Forward offers a suite of dividend funds that employ the firm's proprietary Dividend Signal Strategy method. The strategy is based on research indicating that a company's dividend characteristics can provide a signal of its potential for capital appreciation. Managed by Forward's Dividend Signal Strategy team, the funds include international, emerging markets and global strategies. These strategies are also incorporated in the firm's suite of asset allocation funds and in Forward Income Builder Fund, a multi-asset approach designed for income-focused investors.

About Forward
The world has changed, leading investors to seek new strategies that better fit an evolving global climate. Forward's investment solutions are built around the outcomes we believe investors need to be pursuing - non-correlated return, investment income, global exposure and diversification. With a propensity for unbounded thinking, we focus especially on developing innovative alternative strategies that may help investors build all-weather portfolios. An independent, privately held firm founded in 1998, Forward (Forward Management, LLC) is the advisor to the Forward Funds. As of March 31, 2013, we manage more than $6.1 billion in a diverse product set offered to individual investors, financial advisors and institutions.

You should consider the investment objectives, risks, charges and expenses of the Forward Funds carefully before investing. A prospectus with this and other information may be obtained by calling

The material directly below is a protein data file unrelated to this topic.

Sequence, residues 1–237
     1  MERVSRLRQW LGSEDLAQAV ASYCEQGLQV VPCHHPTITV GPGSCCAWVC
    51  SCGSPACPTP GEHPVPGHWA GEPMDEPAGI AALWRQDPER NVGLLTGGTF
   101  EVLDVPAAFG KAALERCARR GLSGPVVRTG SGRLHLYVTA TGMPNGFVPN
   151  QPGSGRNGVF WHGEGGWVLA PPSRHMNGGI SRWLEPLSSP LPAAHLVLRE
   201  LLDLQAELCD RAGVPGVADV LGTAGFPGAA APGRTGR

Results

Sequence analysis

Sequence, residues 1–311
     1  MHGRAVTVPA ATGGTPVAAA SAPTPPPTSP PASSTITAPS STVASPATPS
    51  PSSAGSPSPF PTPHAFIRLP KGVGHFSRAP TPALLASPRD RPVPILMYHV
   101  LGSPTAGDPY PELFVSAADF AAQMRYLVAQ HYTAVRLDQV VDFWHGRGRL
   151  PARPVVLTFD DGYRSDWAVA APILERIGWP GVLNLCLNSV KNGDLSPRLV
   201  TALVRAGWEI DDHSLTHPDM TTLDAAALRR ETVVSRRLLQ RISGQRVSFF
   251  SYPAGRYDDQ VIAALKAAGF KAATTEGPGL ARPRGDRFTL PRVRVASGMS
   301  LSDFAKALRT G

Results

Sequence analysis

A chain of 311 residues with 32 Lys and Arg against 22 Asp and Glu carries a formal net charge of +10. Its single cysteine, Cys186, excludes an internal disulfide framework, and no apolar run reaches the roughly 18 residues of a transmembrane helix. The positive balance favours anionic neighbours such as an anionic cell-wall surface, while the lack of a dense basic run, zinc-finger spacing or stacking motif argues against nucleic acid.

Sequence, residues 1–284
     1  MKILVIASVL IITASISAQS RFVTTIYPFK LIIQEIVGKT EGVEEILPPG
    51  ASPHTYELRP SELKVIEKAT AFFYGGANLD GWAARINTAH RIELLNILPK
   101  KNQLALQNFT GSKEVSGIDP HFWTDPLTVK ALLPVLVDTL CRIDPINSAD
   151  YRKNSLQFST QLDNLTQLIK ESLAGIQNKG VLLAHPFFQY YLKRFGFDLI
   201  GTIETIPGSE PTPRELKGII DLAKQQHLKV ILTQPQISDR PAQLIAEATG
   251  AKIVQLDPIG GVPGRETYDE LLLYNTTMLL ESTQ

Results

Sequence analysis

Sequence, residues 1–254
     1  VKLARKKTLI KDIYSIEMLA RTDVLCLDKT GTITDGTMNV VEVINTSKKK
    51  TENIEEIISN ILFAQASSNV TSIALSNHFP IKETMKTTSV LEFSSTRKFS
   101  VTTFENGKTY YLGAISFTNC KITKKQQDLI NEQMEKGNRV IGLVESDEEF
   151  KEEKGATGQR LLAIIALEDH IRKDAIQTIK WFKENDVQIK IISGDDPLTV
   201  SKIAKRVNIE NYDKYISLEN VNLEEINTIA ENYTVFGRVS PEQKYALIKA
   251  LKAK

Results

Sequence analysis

(800) 999-6809 or by downloading one from It should be read carefully before investing.


There are risks involved with investing, including loss of principal. Past performance does not guarantee future results, share prices will fluctuate and you may have a gain or loss when you redeem shares.

Each allocation fund is a fund of funds, which invest in a mix of underlying Forward Funds. Shareholders of an allocation fund indirectly bear the expenses of the underlying funds. An allocation fund's allocations may be changed at any time. Asset allocation does not assure profit or protect against risk.

Borrowing for investment purposes creates leverage, which can increase the risk and volatility of a fund.

Concentration in a particular industry will involve a greater degree of risk than a more diversified portfolio.

Derivative instruments involve risks different from those associated with investing directly in securities and may cause, among other things, increased volatility and transaction costs or a fund to lose more than the amount invested.